John Sturges

The Great Escape

The Great Escape

One of the most exciting adventure tales ever told, this action epic recounts the planning, execution, and aftermath of a daring true-life escape from a German prisoner-of-war camp during World War II, in which 250 men attempted to tunnel their way to freedom. In the role that cemented his superstar status, Steve McQueen plays the motorcycle-racing daredevil who sets out to foil the Nazis, alongside an all-star cast that includes Charles Bronson, James Coburn, James Garner, and Donald Pleasence. The expert direction of John Sturges, eminently hummable Elmer Bernstein score, and rip-roaring stunts come together in what may just be the most spectacularly entertaining prison-break movie of all time, a rousing ode to the determination, camaraderie, and courage of everyday heroes.

Film Info

  • John Sturges
  • United States
  • 1963
  • 172 minutes
  • Color
  • 2.35:1
  • English
  • Spine #1027

Special Features

  • New, restored 4K digital transfer, with uncompressed monaural soundtrack on the Blu-ray
  • Alternate 5.1 surround soundtrack, with DTS-HD Master Audio on the Blu-ray
  • Two audio commentaries, one from 1991, featuring director John Sturges and composer Elmer Bernstein; the other, from 2003, featuring actors James Coburn, James Garner, and Donald Pleasence
  • New interview with critic Michael Sragow
  • “The Great Escape”: Heroes Under Ground, a four-part 2001 documentary about the real-life escape from the Stalag Luft III prisoner-of-war camp during World War II, including interviews with POWs held there
  • The Real Virgil Hilts: A Man Called Jones, a 2001 program on the United States Army Air Forces pilot David Jones, the inspiration for Steve McQueen’s character in the film
  • Return to “The Great Escape,” a 1993 program featuring interviews with Coburn, Garner, and actors David McCallum and Jud Taylor
  • Trailer
  • English subtitles for the deaf and hard of hearing
  • PLUS: An essay by critic Sheila O’Malley

New cover by Sean Phillips

Purchase Options

Special Features

  • New, restored 4K digital transfer, with uncompressed monaural soundtrack on the Blu-ray
  • Alternate 5.1 surround soundtrack, with DTS-HD Master Audio on the Blu-ray
  • Two audio commentaries, one from 1991, featuring director John Sturges and composer Elmer Bernstein; the other, from 2003, featuring actors James Coburn, James Garner, and Donald Pleasence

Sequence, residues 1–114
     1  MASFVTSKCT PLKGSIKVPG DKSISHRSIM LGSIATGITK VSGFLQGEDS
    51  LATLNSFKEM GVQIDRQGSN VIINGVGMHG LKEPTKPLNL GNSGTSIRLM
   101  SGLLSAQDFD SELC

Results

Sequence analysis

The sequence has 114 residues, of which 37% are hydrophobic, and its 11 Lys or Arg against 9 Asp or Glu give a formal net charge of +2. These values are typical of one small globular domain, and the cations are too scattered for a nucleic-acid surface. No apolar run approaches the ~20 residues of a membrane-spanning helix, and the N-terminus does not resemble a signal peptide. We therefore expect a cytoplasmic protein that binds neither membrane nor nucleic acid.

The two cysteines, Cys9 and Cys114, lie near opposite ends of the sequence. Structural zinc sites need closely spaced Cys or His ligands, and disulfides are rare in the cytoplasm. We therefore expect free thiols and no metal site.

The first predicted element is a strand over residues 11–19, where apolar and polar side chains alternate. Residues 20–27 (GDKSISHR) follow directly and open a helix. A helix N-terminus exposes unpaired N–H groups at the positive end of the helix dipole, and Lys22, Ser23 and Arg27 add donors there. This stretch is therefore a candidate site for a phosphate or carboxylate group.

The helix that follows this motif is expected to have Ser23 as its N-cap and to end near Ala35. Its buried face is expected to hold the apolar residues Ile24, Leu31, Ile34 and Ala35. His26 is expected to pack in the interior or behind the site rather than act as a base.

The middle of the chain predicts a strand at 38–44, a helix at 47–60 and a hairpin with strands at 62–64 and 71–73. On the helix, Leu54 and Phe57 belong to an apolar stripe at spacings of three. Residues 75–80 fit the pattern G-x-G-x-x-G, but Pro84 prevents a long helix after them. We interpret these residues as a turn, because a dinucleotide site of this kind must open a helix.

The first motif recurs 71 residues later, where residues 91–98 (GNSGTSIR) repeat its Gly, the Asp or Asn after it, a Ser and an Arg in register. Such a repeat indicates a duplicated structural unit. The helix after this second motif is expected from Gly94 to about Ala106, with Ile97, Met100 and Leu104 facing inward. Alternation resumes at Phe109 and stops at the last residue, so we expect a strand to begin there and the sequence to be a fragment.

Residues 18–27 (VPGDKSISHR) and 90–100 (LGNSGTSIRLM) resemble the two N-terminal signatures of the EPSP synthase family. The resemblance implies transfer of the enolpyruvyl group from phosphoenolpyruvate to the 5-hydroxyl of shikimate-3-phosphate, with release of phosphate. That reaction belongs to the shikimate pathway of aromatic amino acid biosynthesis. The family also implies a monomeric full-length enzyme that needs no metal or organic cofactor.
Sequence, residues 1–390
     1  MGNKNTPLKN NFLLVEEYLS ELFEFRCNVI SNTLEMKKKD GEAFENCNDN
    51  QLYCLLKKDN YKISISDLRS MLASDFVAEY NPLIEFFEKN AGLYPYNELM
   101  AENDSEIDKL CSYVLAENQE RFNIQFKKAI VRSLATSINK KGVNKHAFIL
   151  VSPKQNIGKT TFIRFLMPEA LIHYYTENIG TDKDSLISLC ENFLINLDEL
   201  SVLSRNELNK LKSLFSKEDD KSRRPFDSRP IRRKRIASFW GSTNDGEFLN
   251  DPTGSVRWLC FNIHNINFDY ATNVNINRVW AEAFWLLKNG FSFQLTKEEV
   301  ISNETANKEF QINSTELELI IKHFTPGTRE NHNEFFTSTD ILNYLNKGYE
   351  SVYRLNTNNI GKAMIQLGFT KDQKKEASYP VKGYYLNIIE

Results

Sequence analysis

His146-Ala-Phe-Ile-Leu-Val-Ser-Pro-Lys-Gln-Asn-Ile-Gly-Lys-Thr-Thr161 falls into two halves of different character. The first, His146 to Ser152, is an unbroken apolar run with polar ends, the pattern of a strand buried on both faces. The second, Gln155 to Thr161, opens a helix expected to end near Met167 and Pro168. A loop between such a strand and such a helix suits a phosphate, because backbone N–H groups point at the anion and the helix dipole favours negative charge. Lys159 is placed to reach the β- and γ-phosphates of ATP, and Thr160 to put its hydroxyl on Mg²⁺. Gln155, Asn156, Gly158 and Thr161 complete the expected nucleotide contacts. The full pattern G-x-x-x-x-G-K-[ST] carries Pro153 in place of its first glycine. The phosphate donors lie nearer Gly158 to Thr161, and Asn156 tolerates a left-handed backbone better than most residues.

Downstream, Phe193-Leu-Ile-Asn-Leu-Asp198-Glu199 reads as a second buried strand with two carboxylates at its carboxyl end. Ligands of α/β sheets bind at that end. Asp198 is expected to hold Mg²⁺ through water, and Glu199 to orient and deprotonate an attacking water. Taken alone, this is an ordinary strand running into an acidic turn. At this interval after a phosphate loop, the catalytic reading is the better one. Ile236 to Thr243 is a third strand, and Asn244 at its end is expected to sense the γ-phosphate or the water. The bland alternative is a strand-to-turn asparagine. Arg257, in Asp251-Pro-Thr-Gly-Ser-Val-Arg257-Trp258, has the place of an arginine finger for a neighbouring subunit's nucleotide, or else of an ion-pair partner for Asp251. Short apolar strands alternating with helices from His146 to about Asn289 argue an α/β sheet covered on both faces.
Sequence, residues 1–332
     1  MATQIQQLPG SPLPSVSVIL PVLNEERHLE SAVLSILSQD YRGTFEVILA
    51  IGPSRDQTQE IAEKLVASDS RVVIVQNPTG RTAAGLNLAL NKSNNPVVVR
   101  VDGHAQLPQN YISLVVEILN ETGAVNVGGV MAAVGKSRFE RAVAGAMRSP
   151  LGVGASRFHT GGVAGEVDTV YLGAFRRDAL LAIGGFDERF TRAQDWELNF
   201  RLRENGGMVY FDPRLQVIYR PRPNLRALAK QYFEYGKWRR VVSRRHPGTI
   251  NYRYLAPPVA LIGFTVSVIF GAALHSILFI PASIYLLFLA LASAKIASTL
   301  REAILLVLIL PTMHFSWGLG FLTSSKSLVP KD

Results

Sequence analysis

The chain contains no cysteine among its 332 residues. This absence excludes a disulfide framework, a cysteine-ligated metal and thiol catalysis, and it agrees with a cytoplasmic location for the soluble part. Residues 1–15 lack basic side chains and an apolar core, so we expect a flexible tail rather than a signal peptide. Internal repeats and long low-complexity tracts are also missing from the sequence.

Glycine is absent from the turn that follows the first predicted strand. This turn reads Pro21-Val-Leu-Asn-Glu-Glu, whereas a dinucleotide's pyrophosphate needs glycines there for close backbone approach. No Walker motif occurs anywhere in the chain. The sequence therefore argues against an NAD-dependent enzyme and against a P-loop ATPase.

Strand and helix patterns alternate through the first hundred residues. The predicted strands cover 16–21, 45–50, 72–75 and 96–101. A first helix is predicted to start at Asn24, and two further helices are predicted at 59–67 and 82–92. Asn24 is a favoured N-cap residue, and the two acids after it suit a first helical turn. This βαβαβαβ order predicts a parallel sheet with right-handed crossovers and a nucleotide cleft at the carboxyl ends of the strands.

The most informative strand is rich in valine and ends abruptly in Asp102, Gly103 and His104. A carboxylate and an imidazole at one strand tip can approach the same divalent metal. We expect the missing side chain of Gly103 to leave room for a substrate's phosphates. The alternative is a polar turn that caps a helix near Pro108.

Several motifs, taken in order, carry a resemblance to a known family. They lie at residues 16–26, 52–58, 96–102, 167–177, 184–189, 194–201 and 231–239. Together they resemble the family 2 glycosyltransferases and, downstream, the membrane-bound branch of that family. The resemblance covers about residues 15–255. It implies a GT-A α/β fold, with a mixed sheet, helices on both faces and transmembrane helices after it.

• New interview with critic Michael Sragow
  • “The Great Escape”: Heroes Under Ground, a four-part 2001 documentary about the real-life escape from the Stalag Luft III prisoner-of-war camp during World War II, including interviews with POWs held there
  • The Real Virgil Hilts: A Man Called Jones, a 2001 program on the United States Army Air Forces pilot David Jones, the inspiration for Steve McQueen’s character in the film
  • Return to “The Great Escape,” a 1993 program featuring interviews with Coburn, Garner, and actors David McCallum and Jud Taylor
  • Trailer
  • English subtitles for the deaf and hard of hearing
  • PLUS: An essay by critic Sheila O’Malley

New cover by Sean Phillips

The Great Escape
Cast
Steve McQueen
Hilts, “the Cooler King “
James Garner
Hendley, “the Scrounger”
Richard Attenborough
Bartlett, “Big X”
James Donald
Ramsey, “the SBO”
Charles Bronson
Danny Velinski, “Tunnel King”
Donald Pleasence
Blythe, “the Forger”
James Coburn
Sedgwick, “the Manufacturer”
Hannes Messemer
Von Luger, “the Kommandant”
David McCallum
Ashley-Pitt, “Dispersal”
Gordon Jackson
MacDonald, “Intelligence”
John Leyton
Willie, “Tunnel King”
Angus Lennie
Ives, “the Mole”
Credits
Director
John Sturges
Produced by
John Sturges
Screenplay
W. R. Burnett
Screenplay
James Clavell
Based upon the book by
Paul Brickhill
Cinematographer
Daniel L. Fapp
Music
Elmer Bernstein
Art director
Fernando Carrere
Editor
Ferris Webster
Assistant to producer
Robert E. Relyea

From The Current

The Great Escape: Not Caught
The Great Escape: Not Caught

John Sturges’s POW drama is an ode to ingenuity and cooperation that anticipated a wave of demythologizing war films.

By Sheila O’Malley